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Second Annual Giving Day a Great Success

The Beloit College community is generous and showed its heart and soul during its second annual Giving Day on Wednesday, April 20, 2016. In just 24 hours, the college raised over $65,000 from more than 450 supporters.

Not only did the gifts far surpass the original goal of $25,000, the event also raised $25,000 more than last year. Beloit is touched by the fantastic response received from supporters and is grateful to be backed by such a strong foundation of alumni, parents, faculty, staff, and friends. These gifts help make ‪#‎BeloitPossible for the next generation of Turtles, Bucs, and Beloiters.

The unconditional support, enthusiastically offered by our alumni, parents, and friends is a tribute to the character of our community, and the value that we all collectively recognize in the mission we seek to advance. We at Beloit are privileged to have a community so willing to invest in the future of our great institution, and our students. For this, we are grateful,” said Mark Wold’95, Senior Director of Alumni & Parent Relations and Annual Support.

Thank you to all who supported Beloit College’s second annual Giving Day. As College President Scott Bierman often says, it’s “turtles all the way down.”

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Trekkie philosophy: professor looks at great thinkers through pop-culture lens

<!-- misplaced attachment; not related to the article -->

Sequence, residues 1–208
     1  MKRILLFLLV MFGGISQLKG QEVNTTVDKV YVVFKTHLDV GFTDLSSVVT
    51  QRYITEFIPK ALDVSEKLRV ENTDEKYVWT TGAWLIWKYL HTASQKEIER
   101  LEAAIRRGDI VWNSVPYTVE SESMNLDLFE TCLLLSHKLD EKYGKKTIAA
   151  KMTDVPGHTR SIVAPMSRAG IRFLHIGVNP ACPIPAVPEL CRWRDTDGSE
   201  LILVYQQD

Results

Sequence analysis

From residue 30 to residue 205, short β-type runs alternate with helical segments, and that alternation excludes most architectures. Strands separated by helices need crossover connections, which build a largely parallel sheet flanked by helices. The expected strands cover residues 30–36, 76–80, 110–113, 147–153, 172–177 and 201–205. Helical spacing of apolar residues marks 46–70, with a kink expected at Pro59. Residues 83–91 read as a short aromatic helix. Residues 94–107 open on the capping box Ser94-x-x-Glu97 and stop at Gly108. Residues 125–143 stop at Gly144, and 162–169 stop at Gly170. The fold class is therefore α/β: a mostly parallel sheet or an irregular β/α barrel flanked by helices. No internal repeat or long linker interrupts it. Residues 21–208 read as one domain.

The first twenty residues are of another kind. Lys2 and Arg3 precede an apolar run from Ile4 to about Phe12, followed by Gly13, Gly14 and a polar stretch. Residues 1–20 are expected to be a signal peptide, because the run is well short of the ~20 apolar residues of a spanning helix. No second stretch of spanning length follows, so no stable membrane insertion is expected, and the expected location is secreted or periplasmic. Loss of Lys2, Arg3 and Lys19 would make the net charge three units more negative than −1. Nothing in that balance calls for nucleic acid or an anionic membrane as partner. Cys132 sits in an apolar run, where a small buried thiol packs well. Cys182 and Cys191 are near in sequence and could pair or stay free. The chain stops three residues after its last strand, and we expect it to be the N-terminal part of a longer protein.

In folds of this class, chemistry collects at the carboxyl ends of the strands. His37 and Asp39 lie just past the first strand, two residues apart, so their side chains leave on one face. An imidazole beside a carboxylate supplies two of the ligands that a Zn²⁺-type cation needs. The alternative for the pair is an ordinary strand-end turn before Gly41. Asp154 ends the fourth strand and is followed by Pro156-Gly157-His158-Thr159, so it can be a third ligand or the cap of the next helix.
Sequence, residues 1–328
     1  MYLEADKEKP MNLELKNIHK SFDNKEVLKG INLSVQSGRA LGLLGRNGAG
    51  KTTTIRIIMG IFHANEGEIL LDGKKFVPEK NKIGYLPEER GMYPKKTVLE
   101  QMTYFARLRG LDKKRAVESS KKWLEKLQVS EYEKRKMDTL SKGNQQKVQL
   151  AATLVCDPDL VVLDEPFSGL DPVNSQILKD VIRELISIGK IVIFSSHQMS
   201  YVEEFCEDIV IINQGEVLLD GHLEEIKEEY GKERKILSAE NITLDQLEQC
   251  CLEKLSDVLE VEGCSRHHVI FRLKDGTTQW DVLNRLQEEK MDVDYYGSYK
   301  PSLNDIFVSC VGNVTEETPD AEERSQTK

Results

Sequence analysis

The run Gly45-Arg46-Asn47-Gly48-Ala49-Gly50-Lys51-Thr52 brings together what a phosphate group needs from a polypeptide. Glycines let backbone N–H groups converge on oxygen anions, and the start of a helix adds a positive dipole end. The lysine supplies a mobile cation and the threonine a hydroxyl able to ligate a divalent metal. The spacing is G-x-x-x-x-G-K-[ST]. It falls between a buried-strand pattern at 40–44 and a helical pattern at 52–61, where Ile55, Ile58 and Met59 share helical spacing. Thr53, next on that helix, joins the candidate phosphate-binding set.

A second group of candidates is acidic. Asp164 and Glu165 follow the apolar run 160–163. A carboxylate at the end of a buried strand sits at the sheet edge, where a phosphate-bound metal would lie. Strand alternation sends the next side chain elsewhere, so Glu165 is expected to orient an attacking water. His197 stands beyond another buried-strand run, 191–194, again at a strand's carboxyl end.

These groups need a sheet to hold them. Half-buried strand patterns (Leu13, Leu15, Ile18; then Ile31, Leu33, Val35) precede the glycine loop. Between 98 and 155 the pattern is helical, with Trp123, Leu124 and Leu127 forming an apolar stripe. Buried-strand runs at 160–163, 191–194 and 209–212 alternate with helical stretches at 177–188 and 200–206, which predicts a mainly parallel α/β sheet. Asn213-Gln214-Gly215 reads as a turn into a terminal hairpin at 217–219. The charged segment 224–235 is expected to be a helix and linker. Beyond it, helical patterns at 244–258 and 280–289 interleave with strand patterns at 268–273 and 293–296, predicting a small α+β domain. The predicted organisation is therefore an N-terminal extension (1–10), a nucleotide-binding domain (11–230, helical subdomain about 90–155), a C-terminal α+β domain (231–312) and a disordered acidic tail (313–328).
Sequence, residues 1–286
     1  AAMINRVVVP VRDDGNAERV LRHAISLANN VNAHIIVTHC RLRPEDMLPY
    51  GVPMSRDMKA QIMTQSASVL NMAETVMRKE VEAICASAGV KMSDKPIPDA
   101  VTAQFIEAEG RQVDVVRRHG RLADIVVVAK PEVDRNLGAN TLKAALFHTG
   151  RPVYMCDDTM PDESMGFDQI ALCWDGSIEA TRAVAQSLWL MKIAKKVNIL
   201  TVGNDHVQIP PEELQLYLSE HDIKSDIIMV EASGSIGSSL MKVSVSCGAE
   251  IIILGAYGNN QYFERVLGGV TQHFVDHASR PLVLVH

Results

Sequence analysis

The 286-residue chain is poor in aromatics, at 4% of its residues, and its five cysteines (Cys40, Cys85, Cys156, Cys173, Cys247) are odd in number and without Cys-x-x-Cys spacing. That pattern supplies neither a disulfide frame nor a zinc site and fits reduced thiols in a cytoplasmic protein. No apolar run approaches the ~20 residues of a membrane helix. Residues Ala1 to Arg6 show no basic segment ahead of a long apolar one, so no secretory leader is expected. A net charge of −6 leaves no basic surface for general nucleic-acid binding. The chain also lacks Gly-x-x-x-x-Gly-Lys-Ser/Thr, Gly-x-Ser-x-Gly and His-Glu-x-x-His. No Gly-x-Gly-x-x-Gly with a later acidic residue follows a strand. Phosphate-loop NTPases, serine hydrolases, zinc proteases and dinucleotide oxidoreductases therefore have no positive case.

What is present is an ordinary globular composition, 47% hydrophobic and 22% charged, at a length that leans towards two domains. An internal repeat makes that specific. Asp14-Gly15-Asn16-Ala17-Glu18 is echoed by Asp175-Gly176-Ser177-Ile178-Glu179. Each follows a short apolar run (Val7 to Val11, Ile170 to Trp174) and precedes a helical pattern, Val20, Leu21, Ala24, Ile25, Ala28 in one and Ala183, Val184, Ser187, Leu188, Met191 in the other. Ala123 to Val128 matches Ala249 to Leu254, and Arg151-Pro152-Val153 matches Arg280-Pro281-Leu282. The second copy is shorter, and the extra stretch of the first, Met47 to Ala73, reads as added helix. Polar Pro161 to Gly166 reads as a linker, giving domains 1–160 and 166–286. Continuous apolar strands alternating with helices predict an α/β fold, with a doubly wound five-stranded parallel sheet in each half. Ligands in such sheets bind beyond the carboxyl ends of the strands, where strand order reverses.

February 6, 2013 at 10:03 pm

Matthew Tedesco, below, describes one of his courses as one that will “boldly go where some of the greatest thinkers in history have gone before.”

Matt Tedesco 

The associate professor of philosophy is referring to Introducing Philosophy through Star Trek, a course he is currently teaching this spring.

“I’ve always thought, as I teach Introduction to Philosophy, ‘There’s a Star Trek about this.’ Why not just make that explicit and bring these two together?” he explains.

Tedesco, who first taught the course last year, screens episodes from Star Trek: The Next Generation during class and then uses those as jumping off points to discuss the philosophical issues it raises.

For example, the episode “Measure of a Man” is about the debate that ensued after a Starfleet member wanted to disassemble the android, Lieutenant Commander Data, to see how he works. The characters held a hearing over whether or not Data is a human and if his interests and wishes should matter.

Tedesco asserts this episode raises the philosophical question of what makes someone a person. “Is Data a person? Is a fetus a person? Is a chimpanzee a person?” he asks. “You can see how this abstract question about the fictional character Data can launch into some interesting real world philosophical questions.”

Philosophical issues are not, however, limited to Star Trek. Tedesco says there are publishers that specialize in connecting popular culture with philosophy. In fact, he has written essays for Facebook and Philosophy: What’s on Your Mind? (Open Court, 2010), James Bond and Philosophy: Questions are Forever (Open Court, 2006), and Game of Thrones and Philosophy: Logic Cuts Deeper Than Swords (Wiley, 2012). 

“I’m pretty supportive of these efforts that reach out to speak about philosophy to a broader audience, and this pop culture medium is a nice way to do it,” Tedesco said. “If I can reach more people and say something interesting, I think that’s sort of meaningful.”